Maybe because I'm fairly Catholic (once more, Catholicism isn't limited to the Roman Communion) in my theology and Mainline in my upbringing, I'm not really very comfortable in Evangelical megachurches. The music is usually trite, the service is very formulaic (have you ever had a college-oriented preacher who wasn't semi-weepy and who seemed almost apologetic that he sharing what he called the Good News?). There may or not be a collection, but there will almost certainly be attempts to get you to attend events, generally with names like "MISSION: INCONTROVERTIBLE," "THE FELLOWSHIP," or something Greek. The number of songs shall be no less than three, and they shall take no less than twenty minutes to perform. Songs with only one verse and a chorus may extend for over ten minutes. There will be PowerPoint, and there will be much attempted hip-ness.
The problem isn't that they're lacking zeal or belief. It's that they're simply not getting the job done. There's too much evangelism. When all, or nearly all, of the people are already believers, you need something else. It's like taking your grade-school children to a restaurant and giving them each a bottle of Similac. They're being seeker-friendly at the cost of feeding the sheep they already have. And, to be honest, few seekers I've met are really interested in a church that has a rock-climbing wall. I can see having a cafeteria, a preschool, or even a parking deck. When you've got your own IT staff, though, I think that a line, somewhere, has been crossed.
Part of what I dislike is the attitude of "look what X has done/is doing! Let's all chip in for their new CD/mission trip/whatever!" If the album is good, it doesn't need to be advertised as a tool for evangelism (Hallelujah! We finally have some Christian music, after all these centuries!). With mission trips, I almost want to ask why they're going. Is it because they've had a certain place/group on their mind for a long time, and are finally hoping to be able to minister to them, or is it because they've never been to Costa Rica/Malaysia/Hungary/Kenya before and think it would be cool? Again, it's not that I doubt the devotion, but rather the wisdom of it all.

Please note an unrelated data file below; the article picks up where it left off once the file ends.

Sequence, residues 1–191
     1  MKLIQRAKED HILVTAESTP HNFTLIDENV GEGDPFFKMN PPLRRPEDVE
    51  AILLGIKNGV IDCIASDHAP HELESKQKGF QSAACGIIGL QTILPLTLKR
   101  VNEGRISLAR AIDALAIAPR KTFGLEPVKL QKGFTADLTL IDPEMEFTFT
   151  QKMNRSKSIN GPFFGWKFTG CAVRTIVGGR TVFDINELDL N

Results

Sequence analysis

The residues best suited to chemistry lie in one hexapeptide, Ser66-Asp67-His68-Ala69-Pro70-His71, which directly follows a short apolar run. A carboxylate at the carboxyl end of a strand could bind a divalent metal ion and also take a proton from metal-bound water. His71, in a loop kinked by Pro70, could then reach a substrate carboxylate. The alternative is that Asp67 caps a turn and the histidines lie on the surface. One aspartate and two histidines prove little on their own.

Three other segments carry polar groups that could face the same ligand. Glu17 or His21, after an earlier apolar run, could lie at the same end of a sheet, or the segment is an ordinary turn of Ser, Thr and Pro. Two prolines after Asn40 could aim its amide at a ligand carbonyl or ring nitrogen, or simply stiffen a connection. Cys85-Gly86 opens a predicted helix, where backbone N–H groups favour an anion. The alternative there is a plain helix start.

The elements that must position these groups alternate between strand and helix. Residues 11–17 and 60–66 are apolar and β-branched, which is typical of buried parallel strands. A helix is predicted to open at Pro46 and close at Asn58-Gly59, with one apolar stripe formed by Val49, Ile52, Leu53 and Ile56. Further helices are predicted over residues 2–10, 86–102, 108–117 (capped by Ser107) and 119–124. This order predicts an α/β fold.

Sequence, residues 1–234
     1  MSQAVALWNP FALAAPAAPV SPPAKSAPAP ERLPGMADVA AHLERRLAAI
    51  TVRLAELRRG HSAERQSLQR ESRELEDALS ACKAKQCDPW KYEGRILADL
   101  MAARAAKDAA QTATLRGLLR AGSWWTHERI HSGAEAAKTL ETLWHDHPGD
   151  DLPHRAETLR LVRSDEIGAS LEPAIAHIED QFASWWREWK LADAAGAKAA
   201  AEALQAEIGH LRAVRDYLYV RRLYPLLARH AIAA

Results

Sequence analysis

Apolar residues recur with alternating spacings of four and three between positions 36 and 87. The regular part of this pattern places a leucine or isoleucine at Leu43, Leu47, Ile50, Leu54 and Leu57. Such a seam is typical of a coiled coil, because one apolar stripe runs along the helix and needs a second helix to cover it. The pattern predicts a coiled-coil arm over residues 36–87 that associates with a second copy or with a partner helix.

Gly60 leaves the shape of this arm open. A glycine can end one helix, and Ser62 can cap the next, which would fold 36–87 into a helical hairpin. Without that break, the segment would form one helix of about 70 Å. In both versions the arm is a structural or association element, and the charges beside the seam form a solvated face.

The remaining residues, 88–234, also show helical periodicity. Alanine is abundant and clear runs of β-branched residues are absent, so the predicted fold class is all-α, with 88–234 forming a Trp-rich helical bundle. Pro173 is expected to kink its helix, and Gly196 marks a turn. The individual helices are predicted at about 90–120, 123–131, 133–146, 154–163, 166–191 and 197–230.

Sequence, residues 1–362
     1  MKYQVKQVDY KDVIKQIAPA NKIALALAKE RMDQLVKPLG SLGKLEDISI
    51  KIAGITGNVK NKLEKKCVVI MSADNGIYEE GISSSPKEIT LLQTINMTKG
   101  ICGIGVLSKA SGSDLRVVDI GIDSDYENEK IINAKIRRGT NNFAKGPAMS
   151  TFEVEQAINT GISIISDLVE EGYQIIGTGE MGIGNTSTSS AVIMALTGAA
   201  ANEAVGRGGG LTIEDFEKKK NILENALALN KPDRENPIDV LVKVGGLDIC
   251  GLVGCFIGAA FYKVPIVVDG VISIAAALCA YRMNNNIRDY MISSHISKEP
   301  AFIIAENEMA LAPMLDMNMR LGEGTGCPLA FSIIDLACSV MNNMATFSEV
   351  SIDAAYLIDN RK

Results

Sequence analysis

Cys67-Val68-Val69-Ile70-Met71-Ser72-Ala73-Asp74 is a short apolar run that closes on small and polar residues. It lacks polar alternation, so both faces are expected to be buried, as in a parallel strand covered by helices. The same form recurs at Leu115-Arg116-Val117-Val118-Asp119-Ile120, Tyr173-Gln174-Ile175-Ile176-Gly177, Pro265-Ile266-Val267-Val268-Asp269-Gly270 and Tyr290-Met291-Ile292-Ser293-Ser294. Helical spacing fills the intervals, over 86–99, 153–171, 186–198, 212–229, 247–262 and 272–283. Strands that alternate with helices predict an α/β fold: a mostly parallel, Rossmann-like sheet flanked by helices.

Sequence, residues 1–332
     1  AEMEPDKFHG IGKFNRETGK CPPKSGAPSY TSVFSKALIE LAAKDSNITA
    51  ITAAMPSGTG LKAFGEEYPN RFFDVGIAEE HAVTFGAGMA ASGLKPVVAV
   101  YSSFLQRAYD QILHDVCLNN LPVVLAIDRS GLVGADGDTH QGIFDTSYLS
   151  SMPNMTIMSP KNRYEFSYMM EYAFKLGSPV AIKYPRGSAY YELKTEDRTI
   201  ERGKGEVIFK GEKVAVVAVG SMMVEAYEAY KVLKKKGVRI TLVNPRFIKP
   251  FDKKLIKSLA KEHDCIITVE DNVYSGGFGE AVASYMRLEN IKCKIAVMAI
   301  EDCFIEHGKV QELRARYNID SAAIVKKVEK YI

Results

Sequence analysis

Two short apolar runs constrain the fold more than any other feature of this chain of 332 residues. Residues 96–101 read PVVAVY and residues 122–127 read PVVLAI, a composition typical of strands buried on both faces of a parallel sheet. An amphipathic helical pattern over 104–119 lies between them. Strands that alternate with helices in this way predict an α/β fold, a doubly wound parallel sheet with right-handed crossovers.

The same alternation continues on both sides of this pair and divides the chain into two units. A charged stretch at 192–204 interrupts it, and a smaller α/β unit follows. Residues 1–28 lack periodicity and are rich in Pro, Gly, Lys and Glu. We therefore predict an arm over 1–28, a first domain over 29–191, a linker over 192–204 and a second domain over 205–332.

Put simply, one problem the Evangelical movement faces is that it's turned inward for so long that it's not very well connected to the rest of the culture. Attempts at evangelism come across as heavy-handed, and so they're left to preach their message to the converted, who've already heard and accepted it and now need something more. Evangelicalism can provide that, but not if it doesn't realize it.
Saturday, June 12, 2004
This, from my sister Ch-
"I can picture in my mind a world without war, and a world without hate. And I can picture us attacking that world, because they'd never expect it."
I have clever siblings.
UPDATE: It's actually a Jack Handy-ism, from SNL. Still, full marks for Ch- for liking it.
Friday, June 11, 2004
I find myself strangely unmoved by this.
I hit the big 22 today. As my sister A- said to me, "now you're old enough to drink!"
Wednesday, June 09, 2004